It’s not a stretch to say that we live in a microbial world. Microbes can make us sick (as they are demonstrating right now), lead the way for medicines like targeted therapeutics and probiotics, and are crucial to almost every biological ecosystem. But there is much we don’t understand about them, so one group of researchers has taken a deeper look at one of the world’s most compact and dense bacterial hot spots: the human mouth.
In a study published last month in Genome Biology, a team of Harvard-led researchers used a recently developed technique combining state-of-the-art genetic sequencing and analysis to get an up-close look at the mouth and the ecosystem of microbial communities living within it, including those that cannot be cultured.
The report details an impressive amount of variability in the bacterial subpopulations living on the tongue, inner cheek, and teeth beyond what had been previously documented. It shines a spotlight on how bacterial communities divide up habitats and pattern themselves.
“These analyses help us to better resolve and identify who the bacteria are in any given environment. Here it’s the mouth with its multiple habitats,” said Colleen Cavanaugh, Edward C. Jeffrey Professor of Biology at the Faculty of Arts and Sciences and co-author on the paper. “You want to know who’s really there and where, for the treatment of periodontal disease [for example], to target all of those microbes, not just those known based on [laboratory] cultures.”
A warm, wet, and rich organic environment, the mouth is a perfect breeding ground and ecosystem for microbes. It has many distinct populations of bacteria setting up separate habitats just centimeters apart. Consider this: Despite saliva connecting them, the microbes living on your tongue are so distinct from microbes on your teeth that they are more similar to those living on someone else’s tongue than the microbes on your own teeth, throat, or gums.
The new report shows these differences likely go even further. The researchers used an approach called metapangenomics to examine in depth the microbes’ genomes. The approach combines a total DNA-sequencing technique, known as metagenomics, with a more targeted technique, known as pangenomics.
The team analyzed 100 genomes of four species of bacteria commonly found in the mouth and compared them to their relatives in the “wild” that the Human Microbiome Project (HMP) had sampled from volunteers. One species was Haemophilus parainfluenzae, a bacterial generalist found throughout the mouth. The other species were three kinds of a genus called Rothia, which is also found throughout the mouth but each species has distinct habitats. Each is a specialist.
Using metapangenomics, researchers found Haemophilus was less of a generalist than they’d thought. It was composed of three distinct subgroups, setting up camp in distinct locations like the teeth or tongue. Studying Rothia, they found it specialized even more. For instance, one species they thought lived only on the tongue was also found on the inner cheek. Upon further analysis, these were actually two cryptic subgroups, meaning that at first glance they are practically indistinguishable, but when viewed more closely, as the scientists did here, they are actually quite distinct.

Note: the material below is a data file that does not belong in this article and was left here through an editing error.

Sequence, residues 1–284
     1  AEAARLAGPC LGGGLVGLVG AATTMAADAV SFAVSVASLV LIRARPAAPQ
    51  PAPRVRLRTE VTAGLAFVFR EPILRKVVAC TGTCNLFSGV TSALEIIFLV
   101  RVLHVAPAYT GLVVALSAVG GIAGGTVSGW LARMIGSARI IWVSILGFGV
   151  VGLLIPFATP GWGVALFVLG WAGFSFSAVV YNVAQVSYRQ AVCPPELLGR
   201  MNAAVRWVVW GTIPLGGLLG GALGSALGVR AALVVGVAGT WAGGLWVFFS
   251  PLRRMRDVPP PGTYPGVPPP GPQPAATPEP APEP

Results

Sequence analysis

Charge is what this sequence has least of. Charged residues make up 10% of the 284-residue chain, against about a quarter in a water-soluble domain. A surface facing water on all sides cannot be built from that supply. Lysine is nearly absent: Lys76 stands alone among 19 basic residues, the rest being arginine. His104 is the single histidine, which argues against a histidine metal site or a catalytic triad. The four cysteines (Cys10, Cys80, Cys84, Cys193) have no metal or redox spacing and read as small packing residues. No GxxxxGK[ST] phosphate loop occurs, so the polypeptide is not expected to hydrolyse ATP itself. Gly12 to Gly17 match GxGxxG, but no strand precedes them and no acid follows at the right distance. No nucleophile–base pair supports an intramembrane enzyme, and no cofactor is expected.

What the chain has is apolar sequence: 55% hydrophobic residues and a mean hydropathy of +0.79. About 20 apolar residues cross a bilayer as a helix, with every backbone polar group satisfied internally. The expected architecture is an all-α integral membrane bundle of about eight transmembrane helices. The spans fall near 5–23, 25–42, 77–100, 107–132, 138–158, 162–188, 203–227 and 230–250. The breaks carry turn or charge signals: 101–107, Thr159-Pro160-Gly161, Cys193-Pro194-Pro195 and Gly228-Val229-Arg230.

The team was also able to identify specific ways free-living bacteria in people’s mouths differed from their lab-grown relatives.
Their findings could potentially help pave the way to learning how to control for both good and bad bacteria in certain habitats and lead to targeted probiotics.
“It’d be really interesting to try to see what elements of these track between health and disease because that can shift our thinking in how we treat microbial diseases,” said Daniel R. Utter, who led the study. It might be possible, he said, to figure out how to control the whole system and get rid of the bad bacteria instead of just getting rid of the good and the bad — via antibiotics, for instance — and hoping that the good bacteria return.
Utter, who is a Ph.D. candidate in organismic and evolutionary biology at the Graduate School of Arts and Sciences, has been spellbound by bacteria and their diverse communities since 2014. “I was really fascinated by what could be the drivers that make these distinctions happen at such tiny scales,” he said. “It has always really bugged me that we don’t know what that diversity is doing. … What does this diversity in these genomes mean?”
Utter and Cavanaugh teamed up with researchers at the Marine Biological Laboratory, Woods Hole, University of Chicago, and The Forsyth Institute for this study. For Utter, the next step is editing the genomes of some of the bacteria they studied to understand how genetic differences affect their overall function.
“I’m sure there are tons and tons of more crazy, interesting stories to be found,” he said.
This research was supported by the Harvard Catalyst/National Institutes of Health and National Science Foundation Graduate Research Fellowship Program.